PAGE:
DX Exchange offers SL Marketplace alternative

Note: both DX Exchange and the DX Marketplace have closed.

DX Exchange, the Linden Dollar authorised reseller has launched a new on-line marketplace for  SL goods.

The new DX Marketplace is intended to offer SL users the opportunity to “shop on the internet, order your virtual goods and pay and collect them in SL at our pay-and-collect terminal”, the new marketplace has set itself some pretty big goals:

It is our ambition to create a special place for Pro designers, who make good quality goods, of their own creation to display their collection. A place for them to stand out from the crowd of products and designers in SL.

For the customers, it has to be a tidy, well organised place where they can be sure to find only goods of ‘good standing’.

The site itself is gaining interest from SL merchants – the list of stores is growing almost by the day, although content seems to be slow in appearing in some cases.

The DX Exchange home page
The DX Exchange home page

There are some important points to note about this site when compared to something like the SL Marketplace. In particular, the engine used to power DX Exchange is Magento, and the stores within it are pretty much self-contained e-commerce sites contained within the DX Marketplace “wrapper”. This is important on two counts:

  • Merchants have access to virtually the full range of Magento e-commerce tools. These include not just product listing and sales reports, but options such as customer tracking, , creating and generating custom reports, running a store newsletter and / or blog, a range of CMS functions, setting custom search terms for product finding, and so on. In fact, far too much for a review such as this to cover
  • Each store actually stands as its own e-commerce site, with its own dedicated URL (if people want to use it), its own shopping cart and its own checkout.

This latter point may be confusing for people used to the SL Marketplace. Perhaps the easiest analogy is that while a visit to the SL Marketplace is like a visit to department store, where multiple items from multiple designers can by put into your shopping cart and paid for when you reach the checkout, a visit to the DX Marketplace is like a visit to a mall containing individual shops, where goods must be paid for at each store.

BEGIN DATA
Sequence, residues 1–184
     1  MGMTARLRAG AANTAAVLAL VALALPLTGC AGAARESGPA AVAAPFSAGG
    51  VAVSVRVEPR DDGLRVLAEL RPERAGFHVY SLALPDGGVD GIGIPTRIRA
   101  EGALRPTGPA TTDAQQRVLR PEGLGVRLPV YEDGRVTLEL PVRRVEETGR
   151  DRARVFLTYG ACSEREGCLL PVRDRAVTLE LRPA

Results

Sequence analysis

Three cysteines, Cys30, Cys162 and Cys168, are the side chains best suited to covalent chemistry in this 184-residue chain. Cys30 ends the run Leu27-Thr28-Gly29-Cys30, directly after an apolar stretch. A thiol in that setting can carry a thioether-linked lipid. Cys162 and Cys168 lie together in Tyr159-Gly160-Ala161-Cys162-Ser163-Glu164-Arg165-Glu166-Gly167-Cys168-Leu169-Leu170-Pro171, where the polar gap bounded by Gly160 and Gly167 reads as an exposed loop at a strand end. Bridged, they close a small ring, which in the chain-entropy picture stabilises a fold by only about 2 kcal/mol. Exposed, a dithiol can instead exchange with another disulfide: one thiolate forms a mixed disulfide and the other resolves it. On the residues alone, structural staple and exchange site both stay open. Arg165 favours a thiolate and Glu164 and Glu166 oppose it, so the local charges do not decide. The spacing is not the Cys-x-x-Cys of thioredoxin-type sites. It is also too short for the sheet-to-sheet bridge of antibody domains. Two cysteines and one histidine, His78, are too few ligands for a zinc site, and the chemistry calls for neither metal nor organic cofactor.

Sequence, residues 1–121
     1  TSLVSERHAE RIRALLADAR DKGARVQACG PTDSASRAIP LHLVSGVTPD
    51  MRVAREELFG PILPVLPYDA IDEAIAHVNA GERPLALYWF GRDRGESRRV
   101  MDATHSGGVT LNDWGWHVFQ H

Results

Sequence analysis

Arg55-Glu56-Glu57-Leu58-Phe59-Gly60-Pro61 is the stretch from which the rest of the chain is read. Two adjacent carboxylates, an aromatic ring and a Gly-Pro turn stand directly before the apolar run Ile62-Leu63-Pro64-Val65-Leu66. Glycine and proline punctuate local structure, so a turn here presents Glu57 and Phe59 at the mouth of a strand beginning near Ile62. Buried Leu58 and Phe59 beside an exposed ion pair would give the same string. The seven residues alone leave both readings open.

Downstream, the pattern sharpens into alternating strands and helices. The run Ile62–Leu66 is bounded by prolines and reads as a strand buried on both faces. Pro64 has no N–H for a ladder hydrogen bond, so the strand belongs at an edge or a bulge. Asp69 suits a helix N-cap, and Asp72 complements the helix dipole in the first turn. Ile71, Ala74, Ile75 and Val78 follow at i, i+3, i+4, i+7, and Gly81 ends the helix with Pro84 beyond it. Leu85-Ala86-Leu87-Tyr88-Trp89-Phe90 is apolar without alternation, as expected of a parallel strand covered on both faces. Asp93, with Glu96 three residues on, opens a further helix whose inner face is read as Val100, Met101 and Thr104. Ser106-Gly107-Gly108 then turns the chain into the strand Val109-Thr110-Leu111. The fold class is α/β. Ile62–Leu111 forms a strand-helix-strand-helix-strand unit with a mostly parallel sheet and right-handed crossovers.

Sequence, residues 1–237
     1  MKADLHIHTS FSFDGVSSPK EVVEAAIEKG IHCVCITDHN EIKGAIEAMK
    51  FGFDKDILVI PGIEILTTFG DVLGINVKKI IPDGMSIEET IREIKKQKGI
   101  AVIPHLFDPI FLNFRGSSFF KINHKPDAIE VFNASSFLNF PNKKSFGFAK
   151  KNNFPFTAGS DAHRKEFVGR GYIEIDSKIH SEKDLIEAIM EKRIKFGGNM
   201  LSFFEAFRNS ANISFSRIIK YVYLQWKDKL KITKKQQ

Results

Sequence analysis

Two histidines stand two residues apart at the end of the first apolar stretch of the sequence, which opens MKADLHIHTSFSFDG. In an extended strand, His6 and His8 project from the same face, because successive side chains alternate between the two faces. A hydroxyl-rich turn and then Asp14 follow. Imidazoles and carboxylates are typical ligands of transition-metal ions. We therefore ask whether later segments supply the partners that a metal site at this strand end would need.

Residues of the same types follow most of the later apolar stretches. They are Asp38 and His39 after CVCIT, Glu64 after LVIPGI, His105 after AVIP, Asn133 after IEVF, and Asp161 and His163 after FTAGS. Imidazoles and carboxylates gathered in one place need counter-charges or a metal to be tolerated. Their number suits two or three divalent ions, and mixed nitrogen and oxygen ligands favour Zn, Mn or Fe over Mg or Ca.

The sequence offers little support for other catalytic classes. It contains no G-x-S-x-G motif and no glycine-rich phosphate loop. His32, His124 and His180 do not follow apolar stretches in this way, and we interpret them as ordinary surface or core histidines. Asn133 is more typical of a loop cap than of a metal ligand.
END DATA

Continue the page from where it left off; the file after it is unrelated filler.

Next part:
A couple of incentives have been offered to those wishing to use the site:

  • For merchants, all goods can be sold at 0% commission for the time being (commission will eventually be 4%)
  • Shoppers signing-up for the DX Marketplace newsletter get L$100 of a single purchase made via the DX Marketplace.

The Merchant’s Perspective

I don’t intend to cover all of the options available for merchants – as noted above, they really are extensive (and the chances are, many may well end-up not being used). The Magento site provides comprehensive contextual help pages for those who want to delve deeper into things,  all accessible directly from the various admin pages, and I recommend yo take a look through them; I’m only going to look at the basics of creating product listing and provide a few other pointers.

To become a merchant, the first thing you need to do is submit an application form. In return for this, you should receive an introductory note card with details on how to access the admin page for your store and various other notes, an invite to the Merchant’s support group, and a copyable dropbox.

Getting products onto you store listings is a familiar – if slightly more involved – pattern of:

  • Rezzing a dropbox somewhere safe in-world (and leaving it there)
  • Dropping your prepared items for sale into the Contents tab of the edited dropbox